22 Utilities 44 $3,249,379 $14,394,445 $25,698,392
23 Construction 974 $22,712,468 $31,933,784 $98,412,379
31–33 Manufacturing 3,398 $163,542,641 $329,808,255 $1,029,413,593
     321 Wood Products Manufacturing 32 $1,183,049 $1,619,235 $4,018,840
     322 Paper Manufacturing 66 $4,417,561 $14,320,058 $42,744,541
     337 Wood Furniture Manufacturing 67 $2,957,600 $4,648,178 $12,135,366
42 Wholesale Trade 638 $29,692,783 $63,707,915 $85,845,581
44–45 Retail Trade 2,011 $41,760,694 $65,711,208 $106,907,029
48–49 Transportation and Warehousing 451 $18,070,470 $24,392,741 $48,137,098
51–56 Professional Services 3,092 $85,027,182 $339,629,224 $528,480,093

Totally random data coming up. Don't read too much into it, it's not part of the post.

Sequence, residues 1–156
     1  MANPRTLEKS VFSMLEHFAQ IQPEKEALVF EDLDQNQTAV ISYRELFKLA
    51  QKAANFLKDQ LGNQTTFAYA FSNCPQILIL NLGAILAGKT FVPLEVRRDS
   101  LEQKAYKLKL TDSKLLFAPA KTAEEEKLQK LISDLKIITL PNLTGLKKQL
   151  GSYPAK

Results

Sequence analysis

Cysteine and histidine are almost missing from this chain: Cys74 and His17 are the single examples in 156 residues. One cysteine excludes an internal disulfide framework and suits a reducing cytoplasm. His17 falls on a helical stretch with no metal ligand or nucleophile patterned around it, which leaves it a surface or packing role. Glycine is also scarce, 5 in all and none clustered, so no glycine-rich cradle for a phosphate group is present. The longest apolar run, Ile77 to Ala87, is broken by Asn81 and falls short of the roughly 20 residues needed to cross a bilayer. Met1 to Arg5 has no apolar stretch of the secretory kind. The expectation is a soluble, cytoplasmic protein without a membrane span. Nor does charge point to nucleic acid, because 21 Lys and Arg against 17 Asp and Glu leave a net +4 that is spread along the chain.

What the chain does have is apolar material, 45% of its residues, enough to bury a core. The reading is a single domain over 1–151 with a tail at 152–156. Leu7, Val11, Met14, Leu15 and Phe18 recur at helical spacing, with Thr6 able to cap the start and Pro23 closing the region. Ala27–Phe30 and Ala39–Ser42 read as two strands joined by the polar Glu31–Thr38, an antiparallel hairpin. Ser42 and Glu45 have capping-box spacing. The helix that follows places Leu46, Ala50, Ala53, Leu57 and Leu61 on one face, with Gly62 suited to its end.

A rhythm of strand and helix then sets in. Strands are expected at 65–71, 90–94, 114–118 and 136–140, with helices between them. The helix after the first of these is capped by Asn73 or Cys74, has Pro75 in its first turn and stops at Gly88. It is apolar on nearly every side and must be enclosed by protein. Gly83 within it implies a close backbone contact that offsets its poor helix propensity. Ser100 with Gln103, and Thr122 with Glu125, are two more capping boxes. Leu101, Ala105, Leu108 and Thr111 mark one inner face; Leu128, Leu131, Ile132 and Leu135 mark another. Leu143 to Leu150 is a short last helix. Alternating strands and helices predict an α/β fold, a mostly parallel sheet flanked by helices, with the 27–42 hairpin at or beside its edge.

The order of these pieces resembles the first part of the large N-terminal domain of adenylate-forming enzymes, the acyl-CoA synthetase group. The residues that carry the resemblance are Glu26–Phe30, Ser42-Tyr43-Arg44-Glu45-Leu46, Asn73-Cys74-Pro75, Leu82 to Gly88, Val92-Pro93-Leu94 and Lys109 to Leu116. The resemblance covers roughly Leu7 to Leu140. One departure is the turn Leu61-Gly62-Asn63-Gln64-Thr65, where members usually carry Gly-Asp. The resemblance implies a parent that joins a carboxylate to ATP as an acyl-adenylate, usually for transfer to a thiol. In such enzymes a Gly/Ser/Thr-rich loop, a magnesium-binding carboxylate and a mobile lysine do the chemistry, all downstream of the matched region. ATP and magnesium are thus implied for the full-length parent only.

61–72 Educational, Health, and Recreation Services 4,523 $109,818,202 $128,974,129 $260,621,570
81 Other Services 1,072 $29,362,546 $30,754,519 $65,347,102
92 Government and non-NAICS Industries 2,212 $106,496,631 $120,236,811 $146,597,029
Forest Industries 176 $8,893,419 $21,101,191 $60,825,497
Total 19,532 $639,087,763 $1,200,903,518 $2,541,793,205


Acre: A unit of land measure equal to 43,560 square feet (208.7 feet X 208.7 feet). One square mile equals 640 acres.

Direct Economic Impact: The effect generated by the industry of interest in an economic impact analysis. This is measured through employment, value-added, and industrial output produced to meet demand for the manufactured product(s).

Direct Federal Tax Impact: Taxes collected by the United States government. These taxes are generated from labor income, indirect business taxes, households, and corporations associated with the industry of interest.